Every patient encounter can be viewed within this framework. For an emergency physician, the outcome of each patient encounter is an uncertain event with the possibility of gain or loss from the current health status of the patient (neutral reference point). Furthermore, emergency physicians are trained to look for low probability events – especially those that are potentially life-threatening. Therefore, every complaint of chest pain is a potential heart attack or pulmonary embolism and every presentation of abdominal pain is a potential aortic dissection or appendicitis. CScreen Shot 2017-05-25 at 10.05.03 AM.pngonsequently, we over- test to rule out these low base rate events. As the possibility effect states, we are risk-averse (bottom right) when it comes to losses and become risk-seeking when it comes to gains (bottom left). Conversely, the certainty effect states that we are risk-averse (top left) and overtest to confirm a diagnosis and become risk-seeking (top right) and overtreat with aggressive and futile interventions to avoid a bigger loss.

Atul Gawande wrote about the “avalanche of unnecessary medical care that is harming patients physically and financially”. I, too, have written in the past about the perverse incentive schemes and the profit-driven medical-industrialized complex that is not only costly to the patient but is also a significant cause of iatrogenesis.  However, on the scale of an individual patient-physician interaction where the concerns about the medical-industrialized complex and incentive schemes are often distant from my consciousness, subconscious psychological biases such as loss aversion, the possibility and certainty effect elucidated by the Prospect Theory play a significant role in the epidemic of overtesting and overtreatment that is prevalent in the United States. The father of modern medicine, William Osler, stated that “medicine is the science of uncertainty and art of probability.” However, it is the science of uncertainty which reveals that the art of possibility is beyond the scope of human cognitive capacity and leading to the spiraling of unnecessary, ineffective, harmful, and costly medical procedures. As physicians, we have resources such as the Choosing Wisely campaign and clinical practice guidelines but they are underused not only because they are unintegrated within the electronic health record but these guidelines are either too narrow or too broad to capture the nuances of the interaction at the point of care.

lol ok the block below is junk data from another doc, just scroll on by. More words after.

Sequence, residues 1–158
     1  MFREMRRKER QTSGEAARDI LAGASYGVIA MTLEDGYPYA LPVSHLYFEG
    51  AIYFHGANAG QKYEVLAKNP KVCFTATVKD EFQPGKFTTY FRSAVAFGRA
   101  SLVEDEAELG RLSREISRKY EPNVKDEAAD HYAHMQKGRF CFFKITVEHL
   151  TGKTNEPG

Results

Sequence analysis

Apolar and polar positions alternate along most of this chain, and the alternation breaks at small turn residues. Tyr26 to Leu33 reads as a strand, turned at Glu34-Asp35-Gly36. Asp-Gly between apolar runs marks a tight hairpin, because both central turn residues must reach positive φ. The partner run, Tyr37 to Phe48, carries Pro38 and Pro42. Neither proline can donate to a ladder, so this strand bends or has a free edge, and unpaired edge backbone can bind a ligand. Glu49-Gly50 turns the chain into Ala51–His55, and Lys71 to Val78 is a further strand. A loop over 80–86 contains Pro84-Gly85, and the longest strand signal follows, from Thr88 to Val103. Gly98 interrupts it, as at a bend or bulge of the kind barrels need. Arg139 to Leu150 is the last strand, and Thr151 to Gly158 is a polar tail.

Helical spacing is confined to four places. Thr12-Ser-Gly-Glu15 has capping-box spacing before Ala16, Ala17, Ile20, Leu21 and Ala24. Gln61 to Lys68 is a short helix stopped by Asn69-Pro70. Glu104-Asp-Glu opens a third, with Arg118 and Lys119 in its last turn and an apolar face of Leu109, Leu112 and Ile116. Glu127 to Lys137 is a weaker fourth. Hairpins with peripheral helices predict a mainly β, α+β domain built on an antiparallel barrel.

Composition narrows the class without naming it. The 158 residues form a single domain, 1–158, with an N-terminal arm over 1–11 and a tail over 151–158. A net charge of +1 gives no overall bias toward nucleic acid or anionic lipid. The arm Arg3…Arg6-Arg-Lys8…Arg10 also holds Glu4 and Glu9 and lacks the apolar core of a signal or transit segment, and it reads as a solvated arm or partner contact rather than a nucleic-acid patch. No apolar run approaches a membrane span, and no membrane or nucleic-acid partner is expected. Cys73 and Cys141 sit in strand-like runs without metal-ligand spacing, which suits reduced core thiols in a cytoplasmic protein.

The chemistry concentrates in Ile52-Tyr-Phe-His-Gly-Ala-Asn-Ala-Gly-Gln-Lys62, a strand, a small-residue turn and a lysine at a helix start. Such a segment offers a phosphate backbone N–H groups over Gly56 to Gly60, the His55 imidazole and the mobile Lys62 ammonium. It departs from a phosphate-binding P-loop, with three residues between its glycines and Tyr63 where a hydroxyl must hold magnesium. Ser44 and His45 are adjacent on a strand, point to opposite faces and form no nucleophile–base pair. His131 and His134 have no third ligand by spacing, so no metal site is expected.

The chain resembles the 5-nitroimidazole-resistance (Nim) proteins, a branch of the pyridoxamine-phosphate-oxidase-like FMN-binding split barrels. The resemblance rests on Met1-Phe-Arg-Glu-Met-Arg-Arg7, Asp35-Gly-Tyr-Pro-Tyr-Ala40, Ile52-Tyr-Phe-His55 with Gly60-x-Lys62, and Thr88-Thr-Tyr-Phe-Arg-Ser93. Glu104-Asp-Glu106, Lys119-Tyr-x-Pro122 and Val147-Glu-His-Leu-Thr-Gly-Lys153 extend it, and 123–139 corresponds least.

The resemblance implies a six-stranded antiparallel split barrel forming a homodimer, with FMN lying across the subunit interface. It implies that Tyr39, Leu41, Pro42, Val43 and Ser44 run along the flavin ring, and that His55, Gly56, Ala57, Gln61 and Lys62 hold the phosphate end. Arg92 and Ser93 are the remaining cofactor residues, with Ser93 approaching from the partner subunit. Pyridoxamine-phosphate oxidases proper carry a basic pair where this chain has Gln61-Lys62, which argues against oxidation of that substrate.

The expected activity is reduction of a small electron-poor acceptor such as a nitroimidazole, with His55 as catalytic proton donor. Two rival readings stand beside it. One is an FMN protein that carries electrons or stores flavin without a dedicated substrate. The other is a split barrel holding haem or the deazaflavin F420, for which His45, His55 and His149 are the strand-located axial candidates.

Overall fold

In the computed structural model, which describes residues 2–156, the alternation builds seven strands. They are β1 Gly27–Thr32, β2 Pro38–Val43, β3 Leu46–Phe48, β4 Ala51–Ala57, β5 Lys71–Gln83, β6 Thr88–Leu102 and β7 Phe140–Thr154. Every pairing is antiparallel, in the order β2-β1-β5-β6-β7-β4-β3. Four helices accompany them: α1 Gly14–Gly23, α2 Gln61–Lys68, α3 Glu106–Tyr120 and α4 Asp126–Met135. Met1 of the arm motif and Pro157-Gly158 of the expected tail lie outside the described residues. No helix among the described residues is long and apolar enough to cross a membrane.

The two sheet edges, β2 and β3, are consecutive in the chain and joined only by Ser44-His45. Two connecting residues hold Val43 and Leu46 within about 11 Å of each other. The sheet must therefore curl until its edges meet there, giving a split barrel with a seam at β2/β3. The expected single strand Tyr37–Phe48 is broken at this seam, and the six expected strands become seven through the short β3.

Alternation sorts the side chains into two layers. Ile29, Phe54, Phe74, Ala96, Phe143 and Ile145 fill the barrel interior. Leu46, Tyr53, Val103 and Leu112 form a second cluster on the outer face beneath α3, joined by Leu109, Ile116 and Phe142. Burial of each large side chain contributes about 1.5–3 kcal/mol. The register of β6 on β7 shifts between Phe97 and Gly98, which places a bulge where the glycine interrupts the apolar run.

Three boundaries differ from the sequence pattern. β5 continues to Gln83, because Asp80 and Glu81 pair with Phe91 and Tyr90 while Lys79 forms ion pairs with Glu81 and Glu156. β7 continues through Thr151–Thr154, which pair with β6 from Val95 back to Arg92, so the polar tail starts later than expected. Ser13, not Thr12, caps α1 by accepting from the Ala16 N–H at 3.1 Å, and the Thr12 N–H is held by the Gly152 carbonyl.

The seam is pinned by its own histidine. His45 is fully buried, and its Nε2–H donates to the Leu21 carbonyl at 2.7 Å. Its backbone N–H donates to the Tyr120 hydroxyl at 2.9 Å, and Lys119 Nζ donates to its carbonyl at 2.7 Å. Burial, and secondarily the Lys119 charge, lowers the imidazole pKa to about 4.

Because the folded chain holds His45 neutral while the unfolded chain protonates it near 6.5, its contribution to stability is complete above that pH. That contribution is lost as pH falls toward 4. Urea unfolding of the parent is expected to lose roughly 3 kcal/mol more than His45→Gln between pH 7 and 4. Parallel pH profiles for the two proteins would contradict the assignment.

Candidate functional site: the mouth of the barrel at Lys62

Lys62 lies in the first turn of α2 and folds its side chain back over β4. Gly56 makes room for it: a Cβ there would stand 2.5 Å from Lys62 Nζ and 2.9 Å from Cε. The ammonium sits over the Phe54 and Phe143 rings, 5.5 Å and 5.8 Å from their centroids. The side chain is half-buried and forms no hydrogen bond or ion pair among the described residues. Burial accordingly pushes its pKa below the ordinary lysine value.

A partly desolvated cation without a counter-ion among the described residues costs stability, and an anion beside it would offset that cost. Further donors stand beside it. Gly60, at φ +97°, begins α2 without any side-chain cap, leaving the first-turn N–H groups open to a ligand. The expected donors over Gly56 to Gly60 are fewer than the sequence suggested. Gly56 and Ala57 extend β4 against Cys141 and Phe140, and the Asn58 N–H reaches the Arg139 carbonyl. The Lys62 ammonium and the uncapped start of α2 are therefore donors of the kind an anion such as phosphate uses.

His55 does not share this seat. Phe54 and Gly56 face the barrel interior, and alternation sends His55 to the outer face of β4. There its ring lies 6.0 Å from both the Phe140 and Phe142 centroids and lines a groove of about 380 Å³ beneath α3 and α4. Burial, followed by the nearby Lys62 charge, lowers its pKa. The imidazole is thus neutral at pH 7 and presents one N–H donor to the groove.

3 thoughts on “Medicine, the science of uncertainty”

Leave a Reply

Fill in your details below or click an icon to log in: Logo

You are commenting using your account. Log Out /  Change )

Twitter picture

You are commenting using your Twitter account. Log Out /  Change )

Facebook photo

You are commenting using your Facebook account. Log Out /  Change )

Connecting to %s